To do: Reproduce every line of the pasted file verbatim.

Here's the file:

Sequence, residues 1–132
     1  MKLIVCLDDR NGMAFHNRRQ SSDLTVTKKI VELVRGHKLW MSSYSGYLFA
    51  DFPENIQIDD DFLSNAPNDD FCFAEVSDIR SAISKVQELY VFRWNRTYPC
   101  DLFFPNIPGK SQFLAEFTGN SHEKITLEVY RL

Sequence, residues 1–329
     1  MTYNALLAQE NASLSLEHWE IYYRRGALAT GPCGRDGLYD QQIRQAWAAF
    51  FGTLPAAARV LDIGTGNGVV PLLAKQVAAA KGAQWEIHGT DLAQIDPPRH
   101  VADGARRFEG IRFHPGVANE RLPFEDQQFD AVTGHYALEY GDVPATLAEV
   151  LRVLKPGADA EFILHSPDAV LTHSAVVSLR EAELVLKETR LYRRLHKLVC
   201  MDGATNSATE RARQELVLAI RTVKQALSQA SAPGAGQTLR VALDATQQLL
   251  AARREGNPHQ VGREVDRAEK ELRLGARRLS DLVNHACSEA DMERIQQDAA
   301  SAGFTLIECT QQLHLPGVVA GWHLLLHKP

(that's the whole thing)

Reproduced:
Sequence, residues 1–132
     1  MKLIVCLDDR NGMAFHNRRQ SSDLTVTKKI VELVRGHKLW MSSYSGYLFA
    51  DFPENIQIDD DFLSNAPNDD FCFAEVSDIR SAISKVQELY VFRWNRTYPC
   101  DLFFPNIPGK SQFLAEFTGN SHEKITLEVY RL

Sequence, residues 1–329
     1  MTYNALLAQE NASLSLEHWE IYYRRGALAT GPCGRDGLYD QQIRQAWAAF
    51  FGTLPAAARV LDIGTGNGVV PLLAKQVAAA KGAQWEIHGT DLAQIDPPRH
   101  VADGARRFEG IRFHPGVANE RLPFEDQQFD AVTGHYALEY GDVPATLAEV
   151  LRVLKPGADA EFILHSPDAV LTHSAVVSLR EAELVLKETR LYRRLHKLVC
   201  MDGATNSATE RARQELVLAI RTVKQALSQA SAPGAGQTLR VALDATQQLL
   251  AARREGNPHQ VGREVDRAEK ELRLGARRLS DLVNHACSEA DMERIQQDAA
   301  SAGFTLIECT QQLHLPGVVA GWHLLLHKP